“It’s not fair, and it’s not cool, but I’m also — I’m not a little weakling,” Schumer told Norton. “This stuff makes me upset and angry and then I just get stronger. I’ll fight back. I am not going to become one of these other comics who’s been accused of stealing jokes. This will not be a part of my name. Because I will edit together a video showing what they’ve — like how you can spin anybody’s (jokes). You know what I mean? I’m not going to take this lying down.”

There already, by the way, was this video posted on Tuesday showing how a 2001 movie starring Courteney Cox (The Shrink Is In) had Cox’s therapist character telling a rich female patient that she should hire people to slap food out of her mouth.

“People on the message boards, whatever, I don’t care, you guys. Yes. I’m the fattest, ugliest monster with the stinkiest vagina in the world. Of course. Yes. Keep writing that. I don’t care. But don’t call me a joke thief,” Schumer said. “I’m not. And I would never fucking do that.”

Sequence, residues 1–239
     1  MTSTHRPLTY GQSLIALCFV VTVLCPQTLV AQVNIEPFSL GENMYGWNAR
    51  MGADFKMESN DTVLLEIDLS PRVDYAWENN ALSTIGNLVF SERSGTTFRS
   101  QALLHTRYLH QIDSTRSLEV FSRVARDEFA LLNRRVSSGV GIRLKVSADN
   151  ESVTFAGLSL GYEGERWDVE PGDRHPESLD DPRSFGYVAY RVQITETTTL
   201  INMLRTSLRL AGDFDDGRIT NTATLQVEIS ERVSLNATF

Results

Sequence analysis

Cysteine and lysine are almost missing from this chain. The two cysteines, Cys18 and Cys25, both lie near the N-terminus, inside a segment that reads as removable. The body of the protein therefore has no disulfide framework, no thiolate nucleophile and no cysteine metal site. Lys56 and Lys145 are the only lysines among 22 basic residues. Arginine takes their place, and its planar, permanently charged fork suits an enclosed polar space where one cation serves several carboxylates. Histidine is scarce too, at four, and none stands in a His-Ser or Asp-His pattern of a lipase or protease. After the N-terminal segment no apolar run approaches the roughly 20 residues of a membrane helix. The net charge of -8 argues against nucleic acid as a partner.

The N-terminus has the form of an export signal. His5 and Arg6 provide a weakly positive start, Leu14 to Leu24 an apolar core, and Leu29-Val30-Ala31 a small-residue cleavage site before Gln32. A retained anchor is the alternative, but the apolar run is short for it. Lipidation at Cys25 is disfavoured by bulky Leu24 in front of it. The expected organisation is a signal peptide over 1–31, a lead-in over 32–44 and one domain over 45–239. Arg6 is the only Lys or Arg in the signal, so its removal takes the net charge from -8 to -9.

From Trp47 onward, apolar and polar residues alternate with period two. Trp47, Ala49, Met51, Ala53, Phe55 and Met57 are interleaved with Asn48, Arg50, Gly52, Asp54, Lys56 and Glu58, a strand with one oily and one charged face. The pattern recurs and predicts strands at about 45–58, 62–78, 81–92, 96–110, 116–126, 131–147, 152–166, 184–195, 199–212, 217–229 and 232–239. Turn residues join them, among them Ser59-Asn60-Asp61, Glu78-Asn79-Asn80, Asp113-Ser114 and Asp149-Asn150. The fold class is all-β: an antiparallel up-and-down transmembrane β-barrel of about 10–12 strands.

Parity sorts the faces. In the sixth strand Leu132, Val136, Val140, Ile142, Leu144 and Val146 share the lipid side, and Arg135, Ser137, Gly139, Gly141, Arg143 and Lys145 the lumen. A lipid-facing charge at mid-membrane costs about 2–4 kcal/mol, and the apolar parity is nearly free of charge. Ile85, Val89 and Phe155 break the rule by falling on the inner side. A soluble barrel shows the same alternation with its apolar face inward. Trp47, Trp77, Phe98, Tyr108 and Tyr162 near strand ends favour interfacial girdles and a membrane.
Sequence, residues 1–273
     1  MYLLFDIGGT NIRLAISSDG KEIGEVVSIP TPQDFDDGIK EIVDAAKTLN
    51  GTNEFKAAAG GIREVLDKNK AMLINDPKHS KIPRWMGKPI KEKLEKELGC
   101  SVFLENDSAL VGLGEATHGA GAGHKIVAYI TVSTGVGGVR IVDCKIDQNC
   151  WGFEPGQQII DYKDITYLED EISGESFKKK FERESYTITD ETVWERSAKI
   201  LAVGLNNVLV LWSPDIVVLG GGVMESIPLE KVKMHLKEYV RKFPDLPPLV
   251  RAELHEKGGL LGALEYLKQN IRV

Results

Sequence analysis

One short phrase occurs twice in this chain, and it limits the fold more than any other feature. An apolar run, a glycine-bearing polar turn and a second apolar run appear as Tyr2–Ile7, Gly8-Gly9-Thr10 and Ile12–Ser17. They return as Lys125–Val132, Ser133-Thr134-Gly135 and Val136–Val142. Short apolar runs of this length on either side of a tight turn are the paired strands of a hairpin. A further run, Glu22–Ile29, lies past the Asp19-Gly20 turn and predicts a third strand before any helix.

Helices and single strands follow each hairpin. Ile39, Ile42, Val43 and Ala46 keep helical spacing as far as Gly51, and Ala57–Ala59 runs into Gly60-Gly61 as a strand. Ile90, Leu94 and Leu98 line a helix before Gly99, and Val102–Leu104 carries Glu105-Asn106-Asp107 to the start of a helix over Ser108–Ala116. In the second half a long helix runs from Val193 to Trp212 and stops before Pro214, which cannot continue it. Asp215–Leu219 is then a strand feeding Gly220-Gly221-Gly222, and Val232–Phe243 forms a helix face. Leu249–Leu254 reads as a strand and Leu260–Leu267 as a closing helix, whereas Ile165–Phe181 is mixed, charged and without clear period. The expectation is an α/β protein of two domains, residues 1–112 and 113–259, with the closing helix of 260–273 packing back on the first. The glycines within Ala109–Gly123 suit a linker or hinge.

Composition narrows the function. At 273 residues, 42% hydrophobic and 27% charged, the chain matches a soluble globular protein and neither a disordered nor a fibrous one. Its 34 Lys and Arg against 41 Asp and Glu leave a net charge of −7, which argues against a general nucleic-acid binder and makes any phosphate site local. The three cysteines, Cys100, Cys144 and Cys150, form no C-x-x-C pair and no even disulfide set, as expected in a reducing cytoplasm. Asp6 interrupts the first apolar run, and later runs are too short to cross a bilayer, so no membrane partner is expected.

“Nikki Glaser was like, ‘I want to Tweet, the only place Amy has ever stolen from is Bloomingdale’s.’ Like, I am a convicted shoplifter. I have stolen. I have a record. I let a cab driver finger me. Like I will tell you anything about me,” she said.

Here’s the full episode of Amy Schumer on Jim Norton’s Advice Show from Jan. 20, 2016:

Sean L. McCarthy

Editor and publisher since 2007, when he was named New York's Funniest Reporter. Former newspaper reporter at the New York Daily News, Boston Herald and smaller dailies and community papers across America. Loves comedy so much he founded this site.

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One thought on “Amy Schumer defends her comedy credibility: “On my life, I have never and would never steal a joke”

  1. Wow, such a vigorous defense. The idea of all of this bums me out. It’s funny to think how many people got away with joke stealing pre-internet. Would be interesting to see a doco on the politics of this. Though I imagine it would be a tricky one to make.